The Mahatma Gandhi Memorial hospital in Phoenix, Durban was a hive of activity last Friday as Minister for Public Service and Administration, Mr Roy Padayachie, paid the institution a surprise visit to inspect service delivery.
Accompanied by senior Department for Public Service and Administration (DPSA) and KwaZulu-Natal government officials, the Minister toured the hospital, carefully checking facilities in between interacting with members of the public, patients and employees on levels of service and employment conditions.
Both staff and patients were visibly pleasantly surprised by the Ministerís visit as he walked about interacting with them in the wards and waiting areas.
He later told a media briefing at the hospitalís premises that, while the visit formed part of a follow-up to a previous one, he had also been prompted by a telephonic call from a stranger complaining about a neighbour who was being denied treatment after being hit by a car.
The Minister said he had also come to check on whether recommendations made during the previous visit had been implemented.
He was generally impressed by maintenance and outpatient medicine dispensary albeit under trying conditions as the hospital was still taking a far higher number of patients on a daily basis than was originally planned for.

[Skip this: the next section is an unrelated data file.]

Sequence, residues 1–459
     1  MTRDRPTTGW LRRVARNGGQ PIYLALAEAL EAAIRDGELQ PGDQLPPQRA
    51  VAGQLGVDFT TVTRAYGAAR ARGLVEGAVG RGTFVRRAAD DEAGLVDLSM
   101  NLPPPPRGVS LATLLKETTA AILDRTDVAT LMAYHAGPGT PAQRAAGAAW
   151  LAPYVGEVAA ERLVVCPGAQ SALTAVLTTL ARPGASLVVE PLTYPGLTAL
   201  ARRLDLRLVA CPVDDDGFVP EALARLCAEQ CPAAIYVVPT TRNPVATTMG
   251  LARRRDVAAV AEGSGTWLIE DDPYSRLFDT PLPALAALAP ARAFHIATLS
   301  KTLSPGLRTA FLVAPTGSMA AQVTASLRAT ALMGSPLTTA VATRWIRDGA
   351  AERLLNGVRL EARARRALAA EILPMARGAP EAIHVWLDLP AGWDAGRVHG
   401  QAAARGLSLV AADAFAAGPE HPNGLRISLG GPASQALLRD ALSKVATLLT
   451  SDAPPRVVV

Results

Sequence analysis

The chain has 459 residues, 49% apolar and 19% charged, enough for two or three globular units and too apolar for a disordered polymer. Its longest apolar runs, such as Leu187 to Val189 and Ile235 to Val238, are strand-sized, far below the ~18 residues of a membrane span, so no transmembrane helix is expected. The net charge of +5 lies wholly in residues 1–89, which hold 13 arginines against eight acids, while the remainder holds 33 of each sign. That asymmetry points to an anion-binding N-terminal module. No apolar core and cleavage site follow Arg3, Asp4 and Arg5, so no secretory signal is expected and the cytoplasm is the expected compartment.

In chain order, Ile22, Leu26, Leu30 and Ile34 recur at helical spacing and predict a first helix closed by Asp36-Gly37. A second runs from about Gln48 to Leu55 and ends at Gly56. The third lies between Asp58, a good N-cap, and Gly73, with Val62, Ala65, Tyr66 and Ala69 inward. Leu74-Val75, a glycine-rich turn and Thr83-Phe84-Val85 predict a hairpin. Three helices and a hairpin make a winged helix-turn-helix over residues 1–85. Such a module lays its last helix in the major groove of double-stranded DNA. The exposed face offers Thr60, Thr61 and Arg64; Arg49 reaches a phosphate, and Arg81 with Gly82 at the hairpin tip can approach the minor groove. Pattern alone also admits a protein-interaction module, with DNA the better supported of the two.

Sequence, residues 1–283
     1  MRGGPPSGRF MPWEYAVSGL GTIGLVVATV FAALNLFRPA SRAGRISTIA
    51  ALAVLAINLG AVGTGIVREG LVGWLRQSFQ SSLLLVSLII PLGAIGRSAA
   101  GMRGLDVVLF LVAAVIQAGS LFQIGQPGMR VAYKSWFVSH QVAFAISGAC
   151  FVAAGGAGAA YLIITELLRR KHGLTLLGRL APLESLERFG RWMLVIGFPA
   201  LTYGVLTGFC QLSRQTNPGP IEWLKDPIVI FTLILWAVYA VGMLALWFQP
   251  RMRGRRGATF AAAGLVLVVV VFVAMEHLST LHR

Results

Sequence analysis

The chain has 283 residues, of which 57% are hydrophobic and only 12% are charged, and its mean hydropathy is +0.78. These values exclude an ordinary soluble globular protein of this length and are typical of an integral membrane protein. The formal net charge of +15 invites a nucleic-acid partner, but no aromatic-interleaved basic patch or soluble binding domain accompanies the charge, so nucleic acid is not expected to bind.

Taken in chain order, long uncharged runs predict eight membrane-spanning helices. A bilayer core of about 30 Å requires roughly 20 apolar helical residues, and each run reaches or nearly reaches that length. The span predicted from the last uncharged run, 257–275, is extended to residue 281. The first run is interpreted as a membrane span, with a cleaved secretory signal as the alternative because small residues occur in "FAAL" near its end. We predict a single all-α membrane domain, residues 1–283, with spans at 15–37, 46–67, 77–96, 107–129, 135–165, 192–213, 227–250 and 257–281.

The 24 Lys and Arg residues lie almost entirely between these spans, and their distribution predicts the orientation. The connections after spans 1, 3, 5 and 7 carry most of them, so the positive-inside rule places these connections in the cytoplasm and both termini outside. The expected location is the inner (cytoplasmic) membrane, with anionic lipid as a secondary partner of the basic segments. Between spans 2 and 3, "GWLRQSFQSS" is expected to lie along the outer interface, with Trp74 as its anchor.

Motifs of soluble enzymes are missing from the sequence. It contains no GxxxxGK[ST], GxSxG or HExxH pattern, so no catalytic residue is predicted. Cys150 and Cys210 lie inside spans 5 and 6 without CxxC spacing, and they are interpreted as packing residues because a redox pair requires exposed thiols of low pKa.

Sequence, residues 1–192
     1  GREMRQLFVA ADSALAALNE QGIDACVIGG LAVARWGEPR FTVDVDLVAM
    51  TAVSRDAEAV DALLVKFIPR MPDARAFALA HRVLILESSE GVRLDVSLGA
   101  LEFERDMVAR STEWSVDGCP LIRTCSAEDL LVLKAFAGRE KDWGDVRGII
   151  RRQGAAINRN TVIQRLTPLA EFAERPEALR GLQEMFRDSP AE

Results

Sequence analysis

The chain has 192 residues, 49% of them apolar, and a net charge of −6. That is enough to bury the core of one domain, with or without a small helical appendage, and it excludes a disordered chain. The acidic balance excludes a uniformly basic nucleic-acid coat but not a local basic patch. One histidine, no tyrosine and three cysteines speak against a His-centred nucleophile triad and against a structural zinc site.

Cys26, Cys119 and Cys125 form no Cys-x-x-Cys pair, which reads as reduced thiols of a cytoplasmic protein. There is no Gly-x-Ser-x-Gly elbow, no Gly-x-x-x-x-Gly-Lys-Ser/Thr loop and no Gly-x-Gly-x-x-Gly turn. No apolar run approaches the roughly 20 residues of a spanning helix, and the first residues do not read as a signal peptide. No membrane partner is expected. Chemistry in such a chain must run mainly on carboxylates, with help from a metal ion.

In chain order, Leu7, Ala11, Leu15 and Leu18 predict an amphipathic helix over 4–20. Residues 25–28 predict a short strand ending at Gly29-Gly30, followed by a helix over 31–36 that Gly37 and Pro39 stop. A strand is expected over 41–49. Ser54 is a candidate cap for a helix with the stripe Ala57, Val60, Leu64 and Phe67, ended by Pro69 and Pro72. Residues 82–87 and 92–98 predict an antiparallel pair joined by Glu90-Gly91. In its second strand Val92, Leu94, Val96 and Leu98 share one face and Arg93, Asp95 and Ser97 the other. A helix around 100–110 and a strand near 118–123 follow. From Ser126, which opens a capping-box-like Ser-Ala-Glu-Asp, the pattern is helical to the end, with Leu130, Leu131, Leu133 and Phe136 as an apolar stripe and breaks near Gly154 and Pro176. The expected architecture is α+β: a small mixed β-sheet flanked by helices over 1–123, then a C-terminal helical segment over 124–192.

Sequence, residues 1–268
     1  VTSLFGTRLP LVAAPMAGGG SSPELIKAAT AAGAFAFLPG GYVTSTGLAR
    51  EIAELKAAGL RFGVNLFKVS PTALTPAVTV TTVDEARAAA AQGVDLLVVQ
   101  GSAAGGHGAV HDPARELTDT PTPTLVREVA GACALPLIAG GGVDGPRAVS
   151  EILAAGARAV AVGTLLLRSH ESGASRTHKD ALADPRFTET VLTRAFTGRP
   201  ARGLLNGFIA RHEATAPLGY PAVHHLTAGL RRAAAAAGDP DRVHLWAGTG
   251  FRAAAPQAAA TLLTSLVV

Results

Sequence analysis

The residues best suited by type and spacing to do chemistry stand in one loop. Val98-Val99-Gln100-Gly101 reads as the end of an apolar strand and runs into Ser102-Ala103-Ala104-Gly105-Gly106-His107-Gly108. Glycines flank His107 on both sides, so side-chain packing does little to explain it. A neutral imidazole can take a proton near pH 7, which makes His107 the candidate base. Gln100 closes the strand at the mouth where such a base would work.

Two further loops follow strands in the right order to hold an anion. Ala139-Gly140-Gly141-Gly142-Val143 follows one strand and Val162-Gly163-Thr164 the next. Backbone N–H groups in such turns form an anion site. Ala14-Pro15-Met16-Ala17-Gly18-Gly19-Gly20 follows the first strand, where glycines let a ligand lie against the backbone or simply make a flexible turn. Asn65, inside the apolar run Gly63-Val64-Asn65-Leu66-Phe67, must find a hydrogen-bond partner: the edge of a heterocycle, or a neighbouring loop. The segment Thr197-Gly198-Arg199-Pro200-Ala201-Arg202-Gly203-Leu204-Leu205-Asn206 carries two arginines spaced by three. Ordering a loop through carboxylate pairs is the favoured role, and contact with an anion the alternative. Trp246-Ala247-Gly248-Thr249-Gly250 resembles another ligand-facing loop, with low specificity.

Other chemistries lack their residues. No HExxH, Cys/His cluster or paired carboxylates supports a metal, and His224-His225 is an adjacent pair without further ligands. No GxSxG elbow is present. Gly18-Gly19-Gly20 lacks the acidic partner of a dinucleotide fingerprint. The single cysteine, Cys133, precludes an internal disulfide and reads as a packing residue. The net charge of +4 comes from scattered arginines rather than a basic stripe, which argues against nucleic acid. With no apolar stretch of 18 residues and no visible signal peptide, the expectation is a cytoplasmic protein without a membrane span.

However, the ratio of one doctor per 500 patients per day was still putting doctors under tremendous pressure and resulting in waiting time still being grossly unacceptable.
"It must be borne in mind that our Performance Agreement with the President partly requires us to ensure improvement of waiting time by members of the public to access particular services.
"Apart from trying to get a sense of how our service is received by the public, this exercise is also a response to a call by the President for efficiency and active visibility," the Minister said.
The hospital also needed to accelerate recruitment processes to improve on filing and other urgent necessities.
"We will work together in all three spheres of government, the civil society and members of the public to ensure improvement in service delivery," he added.
A meeting with staff employees later provided them opportunity to air their views and concerns on their working conditions.
The whistle blower who called the Minister at night was later seen being interviewed by media and expressed his appreciation for the Ministerís heeding of his call.
"I appreciate the Ministerís intervention and believe his actions will lead to staff members changing their attitudes and behavior," he said.
Random visits of public service delivery points are a regular exercise by the Minister and or senior DPSA officials and will continue throughout the year in all provinces.Zingisile Mapazi